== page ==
Exploring the meaning of respect in medical student education: An analysis of student Narratives

Orit Karnieli-Miller, Amanda C. Taylor, Ann H. Cottingham, Thomas S. Inui, T. Robert Vu, Richard M. Frankel

Research output: Contribution to journalArticle

22 Scopus citations

Abstract

BACKGROUND: Respect for others is recognized in the medical literature and society as an essential attribute of the good medical professional. However, the specific meaning of respect varies widely and is underexplored as a lived experience of physicians-in-training. OBJECTIVE: To describe third-year medical students' narratives of respect and disrespect [(dis)respect] during their internal medicine clerkship. DESIGN: Qualitative thematic analysis of 152 third-year student narratives that 'taught them something about professionalism,' focusing on (dis)respect. APPROACH: Immersion/crystallization narrative analysis. RESULTS: We reviewed 595 professionalism narratives and found that one in four narratives involved (dis)respect. We then found that 2/3 of these narratives were negative (describing instances of disrespect rather than respect). In the other coded categories, the proportion of negative narratives was significantly lower. In order to better understand these results, we analyzed the content of the (dis)respect narratives and identified six primary themes: (1) content and manner of communication (including, appreciating or belittling, being sensitive or blunt and respecting privacy); (2) conduct: behaviors expressing (dis)respect; (3) patient centeredness: honoring others' preferences, decisions and needs; (4) treating others as equals; (5) valuing the other and their experience and/or problem; and (6) nurturing students' learning. CONCLUSIONS: Focusing on the lived experience of (dis)respect on wards broadens the concept of respect beyond any one type of act, behavior or attitude. Students perceive respect as a way of being that applies in all settings (private and public), with all participants (patients, family members, nurses, colleagues and students) and under all circumstances (valuing others' time, needs, preferences, choices, opinions and privacy). Respect seems to entail responding to a need, while disrespect involves ignoring the need or bluntly violating it.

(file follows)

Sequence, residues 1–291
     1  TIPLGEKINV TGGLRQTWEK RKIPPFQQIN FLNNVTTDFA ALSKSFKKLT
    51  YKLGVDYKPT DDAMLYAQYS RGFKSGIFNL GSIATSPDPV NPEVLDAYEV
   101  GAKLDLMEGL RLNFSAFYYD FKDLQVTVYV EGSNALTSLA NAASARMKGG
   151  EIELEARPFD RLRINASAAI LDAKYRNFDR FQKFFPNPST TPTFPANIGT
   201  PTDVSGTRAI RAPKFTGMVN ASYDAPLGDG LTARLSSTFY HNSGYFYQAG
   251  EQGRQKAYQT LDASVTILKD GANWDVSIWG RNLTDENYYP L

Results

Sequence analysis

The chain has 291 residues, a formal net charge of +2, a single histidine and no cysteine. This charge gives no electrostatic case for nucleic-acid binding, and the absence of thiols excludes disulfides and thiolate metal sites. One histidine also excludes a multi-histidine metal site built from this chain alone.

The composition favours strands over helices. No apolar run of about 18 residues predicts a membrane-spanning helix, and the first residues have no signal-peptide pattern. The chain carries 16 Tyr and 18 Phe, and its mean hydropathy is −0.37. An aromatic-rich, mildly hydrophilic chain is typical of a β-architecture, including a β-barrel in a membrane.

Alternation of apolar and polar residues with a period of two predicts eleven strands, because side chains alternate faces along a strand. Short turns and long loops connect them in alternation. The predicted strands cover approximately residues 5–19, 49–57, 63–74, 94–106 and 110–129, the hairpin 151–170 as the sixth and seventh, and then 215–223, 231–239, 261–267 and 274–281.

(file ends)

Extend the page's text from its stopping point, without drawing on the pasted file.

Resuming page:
Original languageEnglish (US)
Pages (from-to)1309-1314
Number of pages6
JournalJournal of general internal medicine
Volume25
Issue number12
DOIs
StatePublished - Dec 1 2010

Keywords

  • medical education
  • medical professional
  • respect

ASJC Scopus subject areas

  • Internal Medicine

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